The writer of the first article notes, correctly, that ‘white’ is the default for characters in western novels. Hermione is never given a skin colour in the books, unlike clearly non-white characters, and ‘Hermione Granger’ is very much an upper middle class British name. Indeed, given what little we know about her parents (both professional dentists), they are almost certainly white upper middle class themselves. They are, in some ways, the kind of people Vernon and Petunia Dursley would like to be. We know very little else about the Grangers – they only appear in the books once – but what we hear from Hermione only confirms my first impression. Hermione’s own personality, for example, suggests she was given a great deal of autonomy from a very early age (not entirely a wise decision); there may even be a case to be made that she, like Ron and Harry, was neglected by her caretakers.
From this alone, we can be reasonably certain that Hermione is indeed white. But there is another aspect that needs to be exploded.
The Wizarding World is clearly neither racist nor sexist, at least in the conventional sense. We see at least one high-ranking black man in the series and the Deputy Headmistress of Hogwarts is very definitely a women. No one shouts racial slurs at any of the non-white characters in the series. This actually makes a great deal of sense; magic, which binds their world together, clearly doesn’t discriminate between sex or race.
But it does have prejudices of its own. Specifically, prejudices against muggle-borns (magical children born of non-magical parents, like Hermione), squibs (muggles born of mages), werewolves and some other magical children and – finally, muggles (non-magical people). Having a white character like Hermione exposed to what is effectively racism is a shocker. If Hermione had been portrayed as black, from the start, it would have made the message weaker. Coming to think of it, if the prejudices had been brought into the open in book one, before Hermione became Ron and Harry’s friend, they might even have wound up agreeing with Draco. Hermione needed to be established in our minds as one of the good guys before she was faced with open racism.
There is, however, a deeper issue. Racism against black people purely for being black, for example, is never justified. Ask the average person if they should discriminate, purely on the grounds of skin colour, and they will probably say no. However, one should ask if the prejudices of the Wizarding World are wholly unjustified. Historically, muggles burnt witches and wizards. Refusing to allow muggle-borns to attend Hogwarts (which caused the schism between the four founders) might have been a reasonable attitude at the time – muggle-borns might just lead their parents to the school and ensure its destruction. Even in the time of the books, a thousand years after Hogwarts was founded, many muggles who learn of the magical world react badly (not always without good reason). Petunia and Tobias Snape both loathed the idea of having magical relatives, although Petunia may well have a reasonable excuse.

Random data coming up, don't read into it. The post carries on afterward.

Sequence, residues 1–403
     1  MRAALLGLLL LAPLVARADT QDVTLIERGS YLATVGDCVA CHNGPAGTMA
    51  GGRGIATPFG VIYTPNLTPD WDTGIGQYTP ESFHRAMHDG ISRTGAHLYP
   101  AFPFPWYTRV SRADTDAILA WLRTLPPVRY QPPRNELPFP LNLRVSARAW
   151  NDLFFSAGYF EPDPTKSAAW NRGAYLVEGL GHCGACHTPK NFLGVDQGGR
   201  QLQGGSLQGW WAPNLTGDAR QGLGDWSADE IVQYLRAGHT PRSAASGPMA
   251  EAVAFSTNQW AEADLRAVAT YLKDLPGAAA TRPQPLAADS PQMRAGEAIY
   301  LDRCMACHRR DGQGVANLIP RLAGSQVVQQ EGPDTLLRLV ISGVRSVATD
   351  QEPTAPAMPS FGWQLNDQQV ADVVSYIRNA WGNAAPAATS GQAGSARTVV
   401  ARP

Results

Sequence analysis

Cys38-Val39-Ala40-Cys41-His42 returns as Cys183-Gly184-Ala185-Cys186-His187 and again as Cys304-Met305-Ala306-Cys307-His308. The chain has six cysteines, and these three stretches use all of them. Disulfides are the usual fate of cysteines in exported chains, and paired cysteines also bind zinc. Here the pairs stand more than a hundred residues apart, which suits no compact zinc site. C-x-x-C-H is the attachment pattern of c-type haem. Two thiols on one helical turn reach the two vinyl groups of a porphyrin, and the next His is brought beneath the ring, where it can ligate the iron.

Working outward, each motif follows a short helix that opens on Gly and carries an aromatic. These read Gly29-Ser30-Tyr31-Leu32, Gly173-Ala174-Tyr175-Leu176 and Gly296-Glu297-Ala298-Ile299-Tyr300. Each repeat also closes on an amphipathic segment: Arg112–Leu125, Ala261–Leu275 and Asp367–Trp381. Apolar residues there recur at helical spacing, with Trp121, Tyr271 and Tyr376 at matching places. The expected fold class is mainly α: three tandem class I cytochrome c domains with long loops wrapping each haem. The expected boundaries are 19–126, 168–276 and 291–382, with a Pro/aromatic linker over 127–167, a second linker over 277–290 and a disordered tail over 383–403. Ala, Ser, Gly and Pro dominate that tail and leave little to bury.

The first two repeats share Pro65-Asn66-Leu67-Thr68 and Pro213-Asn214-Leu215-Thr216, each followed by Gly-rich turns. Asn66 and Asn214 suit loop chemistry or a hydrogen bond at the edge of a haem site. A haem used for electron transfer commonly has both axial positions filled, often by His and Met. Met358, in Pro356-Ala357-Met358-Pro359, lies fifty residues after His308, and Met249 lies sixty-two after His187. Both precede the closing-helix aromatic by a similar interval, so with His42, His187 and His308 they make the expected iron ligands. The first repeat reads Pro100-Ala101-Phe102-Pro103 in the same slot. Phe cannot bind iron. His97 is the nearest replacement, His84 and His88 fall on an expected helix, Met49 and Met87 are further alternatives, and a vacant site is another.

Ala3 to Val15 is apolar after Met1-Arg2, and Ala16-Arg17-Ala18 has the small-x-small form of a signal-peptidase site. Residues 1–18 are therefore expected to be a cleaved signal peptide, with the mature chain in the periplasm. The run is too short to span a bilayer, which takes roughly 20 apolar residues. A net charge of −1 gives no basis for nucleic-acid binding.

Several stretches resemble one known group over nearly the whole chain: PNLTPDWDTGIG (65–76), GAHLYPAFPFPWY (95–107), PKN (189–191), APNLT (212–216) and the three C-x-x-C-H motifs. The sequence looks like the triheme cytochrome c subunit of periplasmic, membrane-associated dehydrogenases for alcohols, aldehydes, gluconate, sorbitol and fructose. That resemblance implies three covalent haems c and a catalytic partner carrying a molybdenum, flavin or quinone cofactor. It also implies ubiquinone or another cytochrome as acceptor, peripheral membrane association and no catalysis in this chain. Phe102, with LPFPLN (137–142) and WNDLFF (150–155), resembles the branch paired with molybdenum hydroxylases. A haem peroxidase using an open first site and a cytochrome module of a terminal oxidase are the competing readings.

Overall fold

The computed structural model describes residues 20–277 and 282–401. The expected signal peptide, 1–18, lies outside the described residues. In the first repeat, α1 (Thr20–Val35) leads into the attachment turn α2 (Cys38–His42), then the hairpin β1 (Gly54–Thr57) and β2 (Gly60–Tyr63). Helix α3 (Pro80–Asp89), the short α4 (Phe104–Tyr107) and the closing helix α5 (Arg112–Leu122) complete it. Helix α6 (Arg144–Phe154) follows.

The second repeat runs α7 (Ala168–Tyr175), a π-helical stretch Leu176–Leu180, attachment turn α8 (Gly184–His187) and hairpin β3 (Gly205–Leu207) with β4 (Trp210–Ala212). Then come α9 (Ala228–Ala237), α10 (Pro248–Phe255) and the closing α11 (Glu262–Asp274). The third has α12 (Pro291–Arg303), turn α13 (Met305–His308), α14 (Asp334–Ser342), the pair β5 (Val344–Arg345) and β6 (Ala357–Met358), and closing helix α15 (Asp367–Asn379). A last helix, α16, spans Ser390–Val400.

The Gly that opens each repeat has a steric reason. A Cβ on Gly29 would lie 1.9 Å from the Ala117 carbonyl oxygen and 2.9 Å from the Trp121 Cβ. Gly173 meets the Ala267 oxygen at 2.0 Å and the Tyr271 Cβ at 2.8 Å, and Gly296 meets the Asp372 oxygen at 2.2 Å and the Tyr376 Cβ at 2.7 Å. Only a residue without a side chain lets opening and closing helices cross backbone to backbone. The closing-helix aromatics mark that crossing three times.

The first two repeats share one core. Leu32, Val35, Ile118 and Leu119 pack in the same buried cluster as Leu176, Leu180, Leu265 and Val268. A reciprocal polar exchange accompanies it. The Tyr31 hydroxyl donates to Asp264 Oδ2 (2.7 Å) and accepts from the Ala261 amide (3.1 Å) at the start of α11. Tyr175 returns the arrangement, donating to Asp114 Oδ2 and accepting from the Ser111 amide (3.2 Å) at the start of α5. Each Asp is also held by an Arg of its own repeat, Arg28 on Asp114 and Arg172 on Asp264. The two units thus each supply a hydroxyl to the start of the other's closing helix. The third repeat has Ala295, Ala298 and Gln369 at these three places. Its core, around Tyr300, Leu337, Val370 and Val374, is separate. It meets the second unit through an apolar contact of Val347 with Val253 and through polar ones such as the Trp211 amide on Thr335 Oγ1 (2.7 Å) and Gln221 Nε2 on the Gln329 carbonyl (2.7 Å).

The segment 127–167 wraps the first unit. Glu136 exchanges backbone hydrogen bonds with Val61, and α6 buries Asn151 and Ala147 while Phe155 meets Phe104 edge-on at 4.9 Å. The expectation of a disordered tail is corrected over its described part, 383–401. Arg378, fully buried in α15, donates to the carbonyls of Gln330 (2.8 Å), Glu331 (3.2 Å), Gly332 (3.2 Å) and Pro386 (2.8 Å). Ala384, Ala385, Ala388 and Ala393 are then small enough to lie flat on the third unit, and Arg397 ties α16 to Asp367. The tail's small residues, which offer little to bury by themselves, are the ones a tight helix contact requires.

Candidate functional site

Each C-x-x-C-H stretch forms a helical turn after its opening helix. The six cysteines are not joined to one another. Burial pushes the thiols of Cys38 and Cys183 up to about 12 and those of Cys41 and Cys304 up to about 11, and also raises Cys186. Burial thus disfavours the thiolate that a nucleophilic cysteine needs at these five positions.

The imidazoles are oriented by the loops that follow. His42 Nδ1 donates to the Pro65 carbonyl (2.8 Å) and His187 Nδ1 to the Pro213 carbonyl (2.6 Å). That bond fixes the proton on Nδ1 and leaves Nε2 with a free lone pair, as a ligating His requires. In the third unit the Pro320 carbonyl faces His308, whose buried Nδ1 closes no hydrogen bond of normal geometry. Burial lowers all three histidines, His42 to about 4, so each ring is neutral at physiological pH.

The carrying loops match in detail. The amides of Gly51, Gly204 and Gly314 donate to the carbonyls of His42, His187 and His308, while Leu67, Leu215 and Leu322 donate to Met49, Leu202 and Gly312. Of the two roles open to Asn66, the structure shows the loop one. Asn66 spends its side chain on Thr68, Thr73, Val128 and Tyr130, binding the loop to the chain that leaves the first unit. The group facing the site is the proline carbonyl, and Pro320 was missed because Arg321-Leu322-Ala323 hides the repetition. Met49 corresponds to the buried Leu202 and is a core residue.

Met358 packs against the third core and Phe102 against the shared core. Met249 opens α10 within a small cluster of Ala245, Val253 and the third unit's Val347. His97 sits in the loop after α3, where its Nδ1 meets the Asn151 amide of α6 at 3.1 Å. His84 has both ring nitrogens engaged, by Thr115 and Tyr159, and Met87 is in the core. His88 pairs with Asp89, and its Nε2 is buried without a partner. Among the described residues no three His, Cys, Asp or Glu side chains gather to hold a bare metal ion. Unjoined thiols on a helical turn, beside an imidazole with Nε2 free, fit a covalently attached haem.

Werewolves, squibs (and Goblins, perhaps) represent another issue. They cannot help being what they are – that’s true – but their conditions carry implications that have to be addressed.
There are only two werewolves who play a major role in the books. One of them is pretty obviously a Child Predator, biting young children to turn them into werewolves themselves; the other, Remus Lupin, although a reasonably decent teacher, is staggeringly careless. Not only does he fail to take the potion that will allow him to control his condition, he failed to share vital information when a (supposed) mass murderer with a major grudge against Harry was on the loose. It is quite possible that Dumbledore summarily fired Lupin at the end of Book III (as he should have done) and blaming it on Snape, which Lupin does, doesn’t change the fact that Lupin was lucky to escape a charge of reckless endangerment.
Indeed, the prejudice against squibs may be the only truly irrational prejudice in the Wizarding World. Squibs cannot be blamed for their condition, nor do they represent a real or imaginary threat. Prejudices against squibs, alas, may be a representation of the horror many of us feel when confronted with the intensely disabled, or the mentally challenged. Worse, perhaps, squibs are ill-prepared to leave the Wizarding World and yet unable to live comfortably within it.
To portray Hermione as black would undermine any rational analysis of magical prejudices. It is easy to scream ‘racism’ when someone dislikes a black character or feels they’re not suited for a particular role.